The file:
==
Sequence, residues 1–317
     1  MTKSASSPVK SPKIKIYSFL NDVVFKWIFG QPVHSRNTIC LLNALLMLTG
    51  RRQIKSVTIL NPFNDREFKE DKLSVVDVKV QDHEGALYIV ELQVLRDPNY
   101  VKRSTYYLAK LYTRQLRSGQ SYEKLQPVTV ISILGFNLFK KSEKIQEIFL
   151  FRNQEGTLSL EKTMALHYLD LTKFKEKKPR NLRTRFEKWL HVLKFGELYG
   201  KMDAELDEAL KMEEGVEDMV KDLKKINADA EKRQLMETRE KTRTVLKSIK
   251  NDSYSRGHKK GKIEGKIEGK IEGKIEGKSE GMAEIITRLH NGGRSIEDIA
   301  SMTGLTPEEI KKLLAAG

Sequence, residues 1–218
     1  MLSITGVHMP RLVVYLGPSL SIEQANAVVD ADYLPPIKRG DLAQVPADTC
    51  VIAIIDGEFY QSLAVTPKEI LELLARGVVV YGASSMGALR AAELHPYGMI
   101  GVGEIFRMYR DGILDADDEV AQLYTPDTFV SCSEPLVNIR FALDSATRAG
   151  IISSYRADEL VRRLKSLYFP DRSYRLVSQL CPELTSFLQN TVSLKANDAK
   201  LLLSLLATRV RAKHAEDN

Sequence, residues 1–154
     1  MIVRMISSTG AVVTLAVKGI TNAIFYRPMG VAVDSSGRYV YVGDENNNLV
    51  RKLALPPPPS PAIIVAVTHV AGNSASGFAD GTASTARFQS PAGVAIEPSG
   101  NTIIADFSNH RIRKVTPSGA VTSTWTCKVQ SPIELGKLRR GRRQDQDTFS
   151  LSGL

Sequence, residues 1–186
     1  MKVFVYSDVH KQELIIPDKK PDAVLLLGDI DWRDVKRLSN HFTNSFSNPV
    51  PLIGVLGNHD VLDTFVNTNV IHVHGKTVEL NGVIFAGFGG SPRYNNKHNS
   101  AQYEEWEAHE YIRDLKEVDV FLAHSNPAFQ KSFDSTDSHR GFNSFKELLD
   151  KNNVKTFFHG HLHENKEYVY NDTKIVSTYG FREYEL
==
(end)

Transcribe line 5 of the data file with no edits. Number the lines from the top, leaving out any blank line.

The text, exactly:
   151  FRNQEGTLSL EKTMALHYLD LTKFKEKKPR NLRTRFEKWL HVLKFGELYG